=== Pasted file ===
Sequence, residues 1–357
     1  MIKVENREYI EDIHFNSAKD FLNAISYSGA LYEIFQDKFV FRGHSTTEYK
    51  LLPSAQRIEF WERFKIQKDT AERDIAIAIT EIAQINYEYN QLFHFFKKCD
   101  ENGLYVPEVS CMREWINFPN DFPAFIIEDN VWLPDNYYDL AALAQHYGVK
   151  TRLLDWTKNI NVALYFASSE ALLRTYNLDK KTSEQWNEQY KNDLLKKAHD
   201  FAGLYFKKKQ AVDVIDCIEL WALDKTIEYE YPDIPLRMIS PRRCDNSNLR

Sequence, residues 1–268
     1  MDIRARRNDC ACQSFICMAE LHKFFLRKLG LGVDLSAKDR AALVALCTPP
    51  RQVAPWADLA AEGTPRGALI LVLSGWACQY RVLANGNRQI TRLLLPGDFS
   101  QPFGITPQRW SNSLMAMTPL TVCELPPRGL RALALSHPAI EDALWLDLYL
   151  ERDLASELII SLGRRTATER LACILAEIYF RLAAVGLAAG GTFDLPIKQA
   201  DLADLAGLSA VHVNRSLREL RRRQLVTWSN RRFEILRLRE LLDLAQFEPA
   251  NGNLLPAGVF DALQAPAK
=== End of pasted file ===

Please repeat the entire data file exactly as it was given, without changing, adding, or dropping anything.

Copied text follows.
Sequence, residues 1–357
     1  MIKVENREYI EDIHFNSAKD FLNAISYSGA LYEIFQDKFV FRGHSTTEYK
    51  LLPSAQRIEF WERFKIQKDT AERDIAIAIT EIAQINYEYN QLFHFFKKCD
   101  ENGLYVPEVS CMREWINFPN DFPAFIIEDN VWLPDNYYDL AALAQHYGVK
   151  TRLLDWTKNI NVALYFASSE ALLRTYNLDK KTSEQWNEQY KNDLLKKAHD
   201  FAGLYFKKKQ AVDVIDCIEL WALDKTIEYE YPDIPLRMIS PRRCDNSNLR

Sequence, residues 1–268
     1  MDIRARRNDC ACQSFICMAE LHKFFLRKLG LGVDLSAKDR AALVALCTPP
    51  RQVAPWADLA AEGTPRGALI LVLSGWACQY RVLANGNRQI TRLLLPGDFS
   101  QPFGITPQRW SNSLMAMTPL TVCELPPRGL RALALSHPAI EDALWLDLYL
   151  ERDLASELII SLGRRTATER LACILAEIYF RLAAVGLAAG GTFDLPIKQA
   201  DLADLAGLSA VHVNRSLREL RRRQLVTWSN RRFEILRLRE LLDLAQFEPA
   251  NGNLLPAGVF DALQAPAK